The Constitutional Court and the Supreme Court in Spain have recently delivered two important judgments on employment matters

01 April 2016

Miguel Pastur

Ruling issued by the Spanish Constitutional Court on video surveillance

In a judgment dated on 3rd March 2016, the Constitutional Court has ruled that employees may be subject to video monitoring, even if they have not been provided with express advanced warning, which implies a change from its prior positions. However, the judgment counts with two dissenting votes.

In this instant case, the employee in question worked at a clothing store. Several irregularities were detected in the cash register where the employee worked and the company decided to install a video surveillance system. Employees were not given any warning. However, a sign stating that video surveillance was in operation had been placed in a visible location in the store. The recordings showed that the employee had been misappropriating cash from the register, and consequently, the company dismissed her following a disciplinary procedure. The employee brought a claim on the basis that her fundamental rights had been breached by the employer's use of the video surveillance.

In a thorough analysis of the facts of the case, the Constitutional Court confirmed that, with regard to personal data protection, employer's need to obtain employees' consent when installing video surveillance if its installation, and processing of employee data obtained by video, has a legitimate purpose to control the activity of employees. However, employer's still have a duty to inform employees prior to the implementation of such video surveillance. Notwithstanding this, the Constitutional Court dismissed the employee's claim for the following reasons:

  1. The employer's obligation to give the employee prior notice of the fact video surveillance was in operation had been fulfilled by the use of the information sign, which had been placed in a noticeable location so that she could be aware of the existence of the video surveillance and its purpose; and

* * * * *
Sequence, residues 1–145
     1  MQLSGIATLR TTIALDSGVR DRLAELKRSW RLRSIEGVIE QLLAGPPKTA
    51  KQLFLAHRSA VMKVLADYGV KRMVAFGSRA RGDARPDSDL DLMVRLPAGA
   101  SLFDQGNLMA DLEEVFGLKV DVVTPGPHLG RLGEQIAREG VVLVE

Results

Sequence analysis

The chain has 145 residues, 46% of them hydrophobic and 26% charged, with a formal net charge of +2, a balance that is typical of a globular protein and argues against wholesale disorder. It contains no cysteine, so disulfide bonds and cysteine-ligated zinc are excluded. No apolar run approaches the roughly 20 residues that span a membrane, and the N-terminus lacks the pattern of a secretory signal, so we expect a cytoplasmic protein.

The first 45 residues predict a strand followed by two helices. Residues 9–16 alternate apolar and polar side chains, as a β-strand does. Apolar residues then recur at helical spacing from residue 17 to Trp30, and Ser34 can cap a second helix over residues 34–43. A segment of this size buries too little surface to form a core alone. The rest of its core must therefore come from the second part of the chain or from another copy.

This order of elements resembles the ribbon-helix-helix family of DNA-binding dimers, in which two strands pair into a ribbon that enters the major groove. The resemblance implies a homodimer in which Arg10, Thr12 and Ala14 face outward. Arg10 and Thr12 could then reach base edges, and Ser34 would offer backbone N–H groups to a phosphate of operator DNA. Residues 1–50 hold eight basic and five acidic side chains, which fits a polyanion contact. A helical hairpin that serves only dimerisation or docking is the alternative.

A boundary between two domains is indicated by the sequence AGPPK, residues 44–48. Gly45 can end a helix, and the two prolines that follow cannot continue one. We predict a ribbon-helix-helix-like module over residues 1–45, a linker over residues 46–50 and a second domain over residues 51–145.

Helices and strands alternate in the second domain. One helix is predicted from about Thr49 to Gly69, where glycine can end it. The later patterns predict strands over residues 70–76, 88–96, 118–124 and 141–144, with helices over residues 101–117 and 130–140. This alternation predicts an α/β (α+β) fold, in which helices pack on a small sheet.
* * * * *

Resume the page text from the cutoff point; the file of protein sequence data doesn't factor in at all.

2. The employer's decision to use video monitoring was proportionate:
    1. Justified: the use of the video surveillance was decided on the reasonable suspicion that some of the employees were misappropriating cash from the cash register;
    2. Appropriate: the purpose was to verify if the irregularities were committed by some of the employees, and if so, to adopt the respective disciplinary measures;
    3. Necessary: video surveillance would serve as evidence of those irregularities;
    4. Balanced: the image recording was limited to the zone where the cash register was located.
Ruling of the Spanish Supreme Court on the calculation of severance payments for unfair dismissals

On 18th February 2016, the Spanish Supreme Court delivered a judgment relating to the calculation of severance payments for unfair dismissals for employment contracts dated before 12th February 2012 (when Spanish severance regulations were subject to major changes). This judgment rectifies and clarifies previous rulings on the matter (dated on 29th September 2014 and 2nd February 2015), which have now been repealed.

In this judgment, the Supreme Court sets out the legal basis of calculating a severance payment when, as in this case, an employee receives a severance payment of 45 days of salary per each year of service before 12th February 2012 and a further severance payment of 33 days per each year of service after 12th February 2012 until the termination date:

  1. When the severance payments are added together, the total amount cannot exceed 720 days of salary (i.e. the first limit);
  2. If the severance payment for the period of services before 12th February 2012 already exceeds 720 days of salary, the period after 12th February 2012 will not be considered (for severance purposes). 

A second limit would also apply in this case, as the severance accrued in this period until 12th February 2012 cannot be higher than 42 months of salary.

This implies that, on the contrary of the interpretation contained in the ruling on 29th September 2014, in these cases, the severance for the period of services from February 12th February 2012 is excluded from the calculation of severance payment, which cannot be increased further the limits set forth above.

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